- Paperback: 216 pages
- Publisher: University Of Chicago Press; Enlarged edition (January 23, 2014)
- Language: English
- ISBN-10: 022614593X
- ISBN-13: 978-0226145938
- Product Dimensions: 5.5 x 0.7 x 8.5 inches
- Shipping Weight: 6.4 ounces (View shipping rates and policies)
- Average Customer Review: 27 customer reviews
- Amazon Best Sellers Rank: #45,877 in Books (See Top 100 in Books)
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Kindly Inquisitors: The New Attacks on Free Thought, Expanded Edition Paperback – January 23, 2014
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“Fiercely argued. . . . What sets his study apart is his attempt to situate recent developments in a long-range historical perspective and to defend the system of free intellectual inquiry as a socially productive method of channeling prejudice.”
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Despite my agreement with his arguments, I gave this book only 3 stars because I felt that it provided me with little new information, and would have no effect on those who are urging "speech codes". As I read, I kept thinking of Amadeus, when the Emperor explained to Mozart what was wrong with his latest composition: "Too many notes." In this, too many words. The problem is that those who favor "speech codes" have long since concluded that theirs is the only right view, and that those who feel otherwise are either evil, or stupid, or both. Or, as Rauch says, are latter-day Fundamentalists, with whom it is pointless to argue, Try reading the lonely one-star review for a reasoned rebuttal to Rauch's thesis. So what's the value of a long intellectual argument?
Nor is this anything new. As Nat Hentoff noted in "Free Speech for Me, but Not for Thee", written just over 20 years ago, both Left and Right have been trying to censor the other side for years. And universities have long been known for their leftish bias. Many years ago, when I was in college, official censorship was not yet in vogue, but even the least perceptive of students was careful in what he said in class, or wrote as an exam answer. All that has really changed is that the onslaught of "victimization" studies at the universities has provided an excuse for campus-wide censoring of Wrong Speech enforced by administrators who too well remember the fate of Larry Summers at Harvard..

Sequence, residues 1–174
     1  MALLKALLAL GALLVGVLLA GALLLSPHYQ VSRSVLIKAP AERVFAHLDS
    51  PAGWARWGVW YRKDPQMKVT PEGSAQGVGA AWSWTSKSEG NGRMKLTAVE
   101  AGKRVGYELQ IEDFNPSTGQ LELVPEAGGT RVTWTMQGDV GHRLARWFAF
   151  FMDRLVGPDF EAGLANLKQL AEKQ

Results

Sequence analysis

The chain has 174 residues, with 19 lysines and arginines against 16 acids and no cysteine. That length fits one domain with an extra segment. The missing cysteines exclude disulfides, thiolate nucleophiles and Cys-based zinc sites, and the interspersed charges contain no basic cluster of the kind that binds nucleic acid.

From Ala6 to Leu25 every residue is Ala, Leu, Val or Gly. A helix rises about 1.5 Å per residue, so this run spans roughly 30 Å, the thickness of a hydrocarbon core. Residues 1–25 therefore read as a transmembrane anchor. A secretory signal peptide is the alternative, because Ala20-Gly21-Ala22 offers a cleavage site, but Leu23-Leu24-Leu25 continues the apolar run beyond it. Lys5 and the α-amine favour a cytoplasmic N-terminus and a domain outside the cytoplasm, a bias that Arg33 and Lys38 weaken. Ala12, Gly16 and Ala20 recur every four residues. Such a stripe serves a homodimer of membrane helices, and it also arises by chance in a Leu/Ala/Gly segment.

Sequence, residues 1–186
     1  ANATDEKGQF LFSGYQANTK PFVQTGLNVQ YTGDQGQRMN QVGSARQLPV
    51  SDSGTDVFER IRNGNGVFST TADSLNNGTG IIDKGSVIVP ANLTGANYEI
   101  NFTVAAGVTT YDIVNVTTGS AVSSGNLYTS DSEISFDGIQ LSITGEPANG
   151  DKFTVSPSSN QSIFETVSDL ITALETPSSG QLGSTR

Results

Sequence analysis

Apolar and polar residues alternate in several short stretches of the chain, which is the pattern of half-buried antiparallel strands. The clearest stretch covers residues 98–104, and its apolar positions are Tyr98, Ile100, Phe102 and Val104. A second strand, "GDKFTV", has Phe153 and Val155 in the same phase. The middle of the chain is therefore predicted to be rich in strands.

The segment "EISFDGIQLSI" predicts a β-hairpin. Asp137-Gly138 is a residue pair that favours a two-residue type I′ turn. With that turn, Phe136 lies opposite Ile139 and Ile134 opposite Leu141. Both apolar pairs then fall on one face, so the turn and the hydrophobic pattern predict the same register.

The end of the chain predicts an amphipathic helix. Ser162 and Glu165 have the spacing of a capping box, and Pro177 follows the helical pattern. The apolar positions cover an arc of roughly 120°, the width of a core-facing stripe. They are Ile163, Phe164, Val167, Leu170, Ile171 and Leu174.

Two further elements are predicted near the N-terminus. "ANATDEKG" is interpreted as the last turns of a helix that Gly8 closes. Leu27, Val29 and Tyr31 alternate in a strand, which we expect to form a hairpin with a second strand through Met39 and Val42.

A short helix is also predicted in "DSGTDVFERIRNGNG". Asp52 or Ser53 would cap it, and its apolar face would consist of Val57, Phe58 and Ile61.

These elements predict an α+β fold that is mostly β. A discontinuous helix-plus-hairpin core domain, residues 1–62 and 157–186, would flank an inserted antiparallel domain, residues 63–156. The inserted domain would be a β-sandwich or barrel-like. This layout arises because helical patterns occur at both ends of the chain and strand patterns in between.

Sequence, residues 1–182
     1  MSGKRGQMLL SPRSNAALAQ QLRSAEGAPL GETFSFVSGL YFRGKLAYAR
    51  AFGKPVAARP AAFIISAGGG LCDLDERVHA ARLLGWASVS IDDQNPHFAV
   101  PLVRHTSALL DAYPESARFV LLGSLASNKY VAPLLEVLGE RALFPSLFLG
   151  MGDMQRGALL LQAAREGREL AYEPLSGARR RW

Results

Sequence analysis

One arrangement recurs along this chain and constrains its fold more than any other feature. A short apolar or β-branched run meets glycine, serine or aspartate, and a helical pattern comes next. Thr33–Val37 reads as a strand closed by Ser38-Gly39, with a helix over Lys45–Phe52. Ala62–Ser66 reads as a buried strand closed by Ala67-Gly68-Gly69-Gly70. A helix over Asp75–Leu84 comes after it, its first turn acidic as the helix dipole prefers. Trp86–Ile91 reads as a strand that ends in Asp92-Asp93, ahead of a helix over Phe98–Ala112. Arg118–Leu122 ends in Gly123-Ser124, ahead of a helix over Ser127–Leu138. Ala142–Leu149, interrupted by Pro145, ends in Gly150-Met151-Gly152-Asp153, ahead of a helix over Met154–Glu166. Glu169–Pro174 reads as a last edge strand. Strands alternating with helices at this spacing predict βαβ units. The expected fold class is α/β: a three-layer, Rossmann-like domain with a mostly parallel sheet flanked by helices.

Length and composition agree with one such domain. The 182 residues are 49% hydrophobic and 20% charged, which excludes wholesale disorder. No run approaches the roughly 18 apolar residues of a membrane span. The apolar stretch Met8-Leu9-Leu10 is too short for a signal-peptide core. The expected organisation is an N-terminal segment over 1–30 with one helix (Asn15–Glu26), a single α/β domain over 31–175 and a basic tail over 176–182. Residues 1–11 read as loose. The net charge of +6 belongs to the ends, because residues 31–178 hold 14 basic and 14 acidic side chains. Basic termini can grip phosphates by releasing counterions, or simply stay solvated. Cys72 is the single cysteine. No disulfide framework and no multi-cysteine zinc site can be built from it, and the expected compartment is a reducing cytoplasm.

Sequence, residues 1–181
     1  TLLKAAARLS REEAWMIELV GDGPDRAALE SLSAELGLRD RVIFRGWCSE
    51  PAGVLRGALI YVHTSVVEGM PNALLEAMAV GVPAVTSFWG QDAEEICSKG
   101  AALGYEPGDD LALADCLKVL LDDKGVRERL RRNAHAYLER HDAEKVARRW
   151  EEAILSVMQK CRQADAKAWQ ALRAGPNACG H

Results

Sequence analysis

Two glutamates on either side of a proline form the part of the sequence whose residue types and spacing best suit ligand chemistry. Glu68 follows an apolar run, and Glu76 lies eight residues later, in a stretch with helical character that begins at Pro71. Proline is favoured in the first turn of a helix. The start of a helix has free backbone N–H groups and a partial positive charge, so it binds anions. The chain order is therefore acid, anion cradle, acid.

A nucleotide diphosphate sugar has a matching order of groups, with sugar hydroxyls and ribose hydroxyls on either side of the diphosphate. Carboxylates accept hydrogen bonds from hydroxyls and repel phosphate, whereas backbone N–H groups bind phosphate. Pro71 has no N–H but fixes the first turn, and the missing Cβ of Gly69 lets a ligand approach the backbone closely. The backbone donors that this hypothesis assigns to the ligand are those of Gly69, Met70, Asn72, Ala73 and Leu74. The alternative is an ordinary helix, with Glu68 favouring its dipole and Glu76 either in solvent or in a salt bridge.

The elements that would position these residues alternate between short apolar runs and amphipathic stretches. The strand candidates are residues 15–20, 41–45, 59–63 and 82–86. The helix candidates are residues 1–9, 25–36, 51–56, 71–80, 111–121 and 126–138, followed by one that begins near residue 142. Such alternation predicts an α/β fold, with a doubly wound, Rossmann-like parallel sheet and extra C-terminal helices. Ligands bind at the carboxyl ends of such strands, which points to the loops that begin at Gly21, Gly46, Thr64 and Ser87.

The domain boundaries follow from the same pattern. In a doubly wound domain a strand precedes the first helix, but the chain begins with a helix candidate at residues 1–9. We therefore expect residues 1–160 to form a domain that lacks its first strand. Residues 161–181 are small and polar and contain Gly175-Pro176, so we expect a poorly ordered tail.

I think the reason for the book's length is Rauch's effort to make censorship a denial of the scientific method, under which all views of things are subject to constant criticism and question, out of which further enlightenment comes. I would agree in general, although his reliance on the intellectual community to detect error doesn't, in my view, give enough weight to the non-scientific incentives that seem to be skewing some allegedly dispassionate researchers, and the failures of "peer review." More importantly, anyone who believes a little censorship is a good thing is unlikely to persuaded by, or even pay attention to, arguments about the scientific method, which use up lot of space in this book..
Whether it's good news or bad, the urge to censor speech with which those in power disagree is not new, dating back to Ancient Greece. The fight continues, but it is alarming to have the alleged intellectuals at our Universities join the Inquisition.
This is a book for our times, written by a gay man who is a gay rights activist, and who has lived to witness both intense oppression and inspiring social change. He clearly outlines a set of strength-based and ideologically neutral principles for advocacy and social change, while also providing a well-reasoned and straightforward description of the pitfalls into which those of us who care deeply about people may fall in misguided, and ultimately destructive, endeavors to promote sensitivity in the university. What Rauch has to say is challenging and beautiful.
For professors who are considering using this book (I am assigning it for my graduate-level human development class next fall) I suggest having students read the last chapter first, and I also suggest having students watch the utube interviews with Rauch early in the class (his gentleness and genuine care for others is more apparent in the last chapter and the interviews than it is in the initial chapters of the book, and knowing the author better may help cautious students to engage with some challenging material).
Shutting down opposition with force is shown to end up badly. Science and politics require democracy of intellect. Autocrats, oligarchs, dictators and religion are enemies of skepticism and free inquiry. Freedom is not free and the battle will be fought as long as mankind exists.